"This ain't rock 'n' roll; this is genocide" begins this post-apocalyptic tale set to dirty, straightforward rock 'n' roll. As a Stones-like riff surges forward, "Diamond Dogs"' heroine is "crawling down the alley on [her] hands and knees": "I'm sure you're not protected, for it's plain to see the Diamond Dogs are poachers and they hide behind trees / Hunt you to the ground they will / Mannequins with kill appeal." Cinematic widescreen rock 'n' roll all the way.
"News guy wept when he told us Earth was really dying / Cried so much that his face was wet / Then I knew he was not lying."
This tale about the impending end of the world is delivered by Ziggy Stardust, the protagonist of Bowie's breakthrough album. Bathed in the light of the future, as seen through the eyes of 1972, Bowie tells this tale of doom with gritty beauty in the lyrics: "A cop knelt and kissed the feet of a priest, and a queer threw up at the sight of that," Bowie sings. The sing-a-long chorus juxtaposes Bowie's screams, adding to the song's tone of desperation.
"It's on America's tortured brow that Mickey Mouse has grown up a cow / Now the workers have struck for fame, 'cause Lennon's on sale again."
One of Bowie's most cinematic and surreal songs is full of wild imagery and striking visions of the past, present and future. What does it all mean? We can't say for sure. It may be commentary on our world and the circus of life. The sound of the words is almost as important as their meaning: "See the mice in their million hordes / From Ibeza to the Norfolk broads / Rule Britannia is out of bounds / To my mother, my dog and clowns." The feel and rhythm of the lines gel wonderfully with the music. Producer Tony Visconti adds a lovely string arrangement. Mick Ronson's guitar work is great too.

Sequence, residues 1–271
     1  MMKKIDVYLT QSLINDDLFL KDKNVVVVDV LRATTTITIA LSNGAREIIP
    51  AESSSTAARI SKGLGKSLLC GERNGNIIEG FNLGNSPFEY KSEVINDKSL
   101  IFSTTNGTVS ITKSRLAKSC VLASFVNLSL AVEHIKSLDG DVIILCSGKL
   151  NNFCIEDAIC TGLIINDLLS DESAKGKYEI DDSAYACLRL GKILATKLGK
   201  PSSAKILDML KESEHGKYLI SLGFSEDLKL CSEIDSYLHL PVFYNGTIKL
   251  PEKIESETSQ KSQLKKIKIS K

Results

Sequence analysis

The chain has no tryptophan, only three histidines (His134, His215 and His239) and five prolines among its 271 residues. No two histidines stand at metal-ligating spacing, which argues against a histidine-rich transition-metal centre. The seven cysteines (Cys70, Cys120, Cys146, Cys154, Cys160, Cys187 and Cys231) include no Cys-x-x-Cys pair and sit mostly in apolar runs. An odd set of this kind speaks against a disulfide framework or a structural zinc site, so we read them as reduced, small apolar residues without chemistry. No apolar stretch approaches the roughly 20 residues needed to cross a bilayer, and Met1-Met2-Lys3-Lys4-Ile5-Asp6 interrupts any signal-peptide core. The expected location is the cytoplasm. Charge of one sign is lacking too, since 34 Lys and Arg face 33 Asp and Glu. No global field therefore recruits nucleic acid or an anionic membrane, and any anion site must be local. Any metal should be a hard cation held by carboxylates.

"Time takes a cigarette, puts it in your mouth."
The closing song on the classic The Rise and Fall of Ziggy Stardust and the Spiders From Mars pretty much sums up the entire album in three minutes. It also serves as an anthem to fans who connected with Ziggy's plight. "Oh no, love! You're not alone /You're watching yourself, but you're too unfair /You got your head all tangled up, but if I could only make you care," Bowie sings.
"Strung out on lasers and slash back blazers."
Even though the title was a riff on the French writer Jean Genet, the main character of 'The Jean Genie' was based in part on Iggy Pop. Bowie uses some Bob Dylan-style rhyme schemes on one of his most perfect rock 'n' roll songs. The chugging riff jumps out on this slice of glam rock, as Bowie spits out his words: "Sits like a man but he smiles like a reptile / She love him but just for a short while / She'll scratch in the sand, won't let go his hand / He says he's a beautician and sells you nutrition and keeps all your dead hair for making up underwear."
"I will be king, and you, you will be queen."
A simple, genuine and straightforward love song by Bowie, set to a basic Velvet Underground-inspired rhythm, 'Heroes' ranks as one of the all-time greats. The song hasn't lost any of its potency or beauty after 35 years. Lines like "Nothing will keep us together / We can beat them for ever and ever / We can be heroes, just for one day" capture an emotion that's as primal as it is timeless.